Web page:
g

e

e’

South Elevation

d

a

a

d

outdoor public space lobby administration retail + cafe community room bike storage mail room loading garbage room underground parking ramp

d

d

b

a b c d e f g h i j

b

c c

Ground Floor Plan

e

b

b

b

i

e

d

Second Floor Plan a b c d d’ e e’

library + study bachelor unit 1BR unit 2BR unit two-storey 2BR unit 3BR unit two-storey 3BR unit

Sixth Floor Plan a b c d e

fitness room bachelor unit 1BR unit 2BR unit 3BR unit

North Elevation

HACHE 23


Soundwave | Academic + Team Collaboration Ryerson University Winter 2019 (Year 4)

Site: The Hideout, Toronto

Instructor: Jason Ramelson

overall proposal. Collaborated with the drawings and

ASC 734: Advanced Digital Design

Digital Medium: AutoCAD, Rhino, Grasshopper, Arduino, Firefly, Adobe Suite

Physical Medium: MDF, Cardboard, Felt, Plywood The aim of this proposal is to create a continuous wall and ceiling intervention that acts as a bandshell behind the stage at The Hideout Bar in Toronto. The purpose of this intervention is to actively change the acoustic performance of the space by responding to the varying decibel levels during a stage performance or event. An array of acoustic panels responds to both the sound levels and emitted location and actuates to improves the acoustic performance of the stage by varying the amount of exposed absorptive or reflective material. The responsive acoustic panels follow a pleated flower geometry that opens and closes as the system senses and responds to the environment’s changing decibel levels. The interior of the flower geometry will be laminated with an acoustically absorbent felt. As the flower geometry

24 HACHE

Responsibilities: Design and digital modeling of the assembly of the physical prototype.

Team Members: Andrew Aziz, Connor Gagnon, Stephen Jones, Andrew Lee, Michael Plummer

opens and closes, the degree of exposed absorbent material will change; altering the acoustic properties of the bandshell surface in its entirety. The panels will have two actuation limits that represent the fully closed and fully open positions, the system will then vary the exact actuation degree (between these defined limits) based on the decibel level and location of the sound source. Each folded panel will be contained in its own housing that includes the mechanical hardware components that open and close the system, this assembly will then be arrayed across the bandshell surface and connected to produce the final responsive system. The contents of this project includes a 1:1 Physical Prototype and set of drawings that show the intentions of the overall proposed intervention.


SOUNDWAVE | WINTER 2019

50.0 mm 50.0 mm

mm

50.0 mm

50.0 mm 50.0 mm

4500.0 mm4500.0 mm 50.0 mm 50.0 mm

860.0 mm 860.0 mm

860.0 mm 860.0 mm

3900.0 mm3900.0 mm

3900.0 mm3900.0 mm

4500 mm 4500 mm

oject 3: Responsive Systems 3D: Installation & Prototype

200.0 mm 200.0 mm

200.0 mm 200.0 mm 50.0 mm 50.0 mm

Proposal Elevation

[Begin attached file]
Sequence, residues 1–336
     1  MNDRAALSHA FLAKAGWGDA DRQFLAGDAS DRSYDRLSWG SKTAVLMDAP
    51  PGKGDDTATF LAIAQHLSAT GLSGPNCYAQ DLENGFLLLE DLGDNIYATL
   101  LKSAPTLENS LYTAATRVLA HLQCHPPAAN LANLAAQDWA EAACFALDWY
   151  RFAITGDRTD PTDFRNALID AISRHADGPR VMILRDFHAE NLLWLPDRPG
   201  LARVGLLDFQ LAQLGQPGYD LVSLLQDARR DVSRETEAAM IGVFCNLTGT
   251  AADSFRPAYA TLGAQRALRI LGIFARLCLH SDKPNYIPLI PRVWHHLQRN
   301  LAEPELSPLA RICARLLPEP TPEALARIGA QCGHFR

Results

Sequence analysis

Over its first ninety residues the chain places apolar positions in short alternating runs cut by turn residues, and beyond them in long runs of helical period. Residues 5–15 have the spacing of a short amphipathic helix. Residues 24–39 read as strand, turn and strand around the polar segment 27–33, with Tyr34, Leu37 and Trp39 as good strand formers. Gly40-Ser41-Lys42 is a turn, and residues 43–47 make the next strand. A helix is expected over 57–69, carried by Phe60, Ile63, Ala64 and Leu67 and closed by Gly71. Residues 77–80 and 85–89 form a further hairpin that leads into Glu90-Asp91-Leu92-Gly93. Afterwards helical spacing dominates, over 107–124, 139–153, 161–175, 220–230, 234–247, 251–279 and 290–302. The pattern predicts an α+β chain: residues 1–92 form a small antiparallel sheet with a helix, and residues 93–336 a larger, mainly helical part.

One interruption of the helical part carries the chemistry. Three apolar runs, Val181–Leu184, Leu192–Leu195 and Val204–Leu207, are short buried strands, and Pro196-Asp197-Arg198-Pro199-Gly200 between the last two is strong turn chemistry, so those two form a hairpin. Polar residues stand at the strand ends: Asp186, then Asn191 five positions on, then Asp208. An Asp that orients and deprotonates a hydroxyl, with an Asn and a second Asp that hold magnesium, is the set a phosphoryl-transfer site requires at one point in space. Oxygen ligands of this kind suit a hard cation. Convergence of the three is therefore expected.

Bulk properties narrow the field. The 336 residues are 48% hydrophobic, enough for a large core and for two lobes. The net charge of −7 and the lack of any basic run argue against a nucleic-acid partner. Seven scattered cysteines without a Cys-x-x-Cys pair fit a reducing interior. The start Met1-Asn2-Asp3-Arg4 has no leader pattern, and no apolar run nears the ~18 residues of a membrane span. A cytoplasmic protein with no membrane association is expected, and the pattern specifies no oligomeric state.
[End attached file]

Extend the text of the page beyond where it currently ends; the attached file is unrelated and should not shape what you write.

1 : 50

7000.0 mm7000.0 mm

7000.0 mm7000.0 mm

50.0 mm 50.0 mm

ELEVATION The folding acoustic panels react to stage music by blooming in the areas with a high decibel level to absorb the sound and retract in the areas with a low decibel level to reflect sound

860.0 mm 860.0 mm

3900.0 mm3900.0 mm

8

200.0 mm 200.0 mm

Proposal Section

1 : 50

HACHE 25


Team: Andrew Aziz, Connor Gagnon, Jack Hache, Stephen Jones, A

ACADEMIC + TEAM COLLABORATION | SOUNDWAVE

2 Data Processing

3 Translation

Decibel level based on location in array

Decibel level converts to a servo frequency

1 Input Person and stage microphone decibel level picked up by sound sensor

4 Actuation Stepper motor with lead screw adjusts the blooming percentage of the flower component

5 Perception Flower component absorbs the sound to create a better sound environment

Systems/Sensing Matrix SYSTEMS/SENSING MATRIX

ct 3: Responsive Systems Installation & Prototype

Team: Andrew Aziz, Connor Gagnon, Jack Hache, Stephen Jones, Andrew Lee, Michael Plumm Systems diagram / sensing matrix showcasing the software and hardware elements required for the activation of the installation

140mm

140mm

480mm

NEMA 17 Stepper Motor with Lead Screw & T8 Nut 270mm

270mm x12

1.5mm Cardboard Panels

x12

Bead x24

415mm

150mm

x4

x4

55mm x1

Laminated 1mm Felt

x1 x24

Steel Wire

6

Eye Hook

M3 Bolt

#6 Screw

x12 250mm

28mm

480mm

Steel Pin 3mm MDF Front Backer

Arduino Wire

x19 x1

250mm

415mm

150mm

x1

x1

x1 Big Easy Driver

480mm

Plywood Back

x1

3mm MDF Pin Guide Panel

Arduino UNO

x1

x1

Breadboard

Female AC Adapter 38mm

x1

250mm 150mm

9V/1A Power Supply

x4 250mm

150mm 55mm

3755mm

Plywood Leg

6740mm

415mm

300mm

x1

72mm

Electret Mic

x22

Plywood Structure

72mm Motor Mount x1

x81 3mm MDF Rear Backer

x1

Painted 3mm MDF Face Panel

COMPONENTS LIST

Components List

26 HACHE

All of the components used to assemble one folding acoustic module

115mm

x1 USB Cable

x1

x81 250mm

100mm

x1

100mm

Push Plate

Plywood Structure Bracing


SOUNDWAVE | WINTER 2019

HACHE 27


3: Responsive Systems stallation & Prototype

Team: Andrew Aziz, Connor Gagnon, Jack Hache, Stephen Jones, Andrew Lee, Michael Plummer

ACADEMIC + TEAM COLLABORATION | SOUNDWAVE

1

2 3 5

1

Laminated 1mm Felt & 1.5mm Cardboard Petals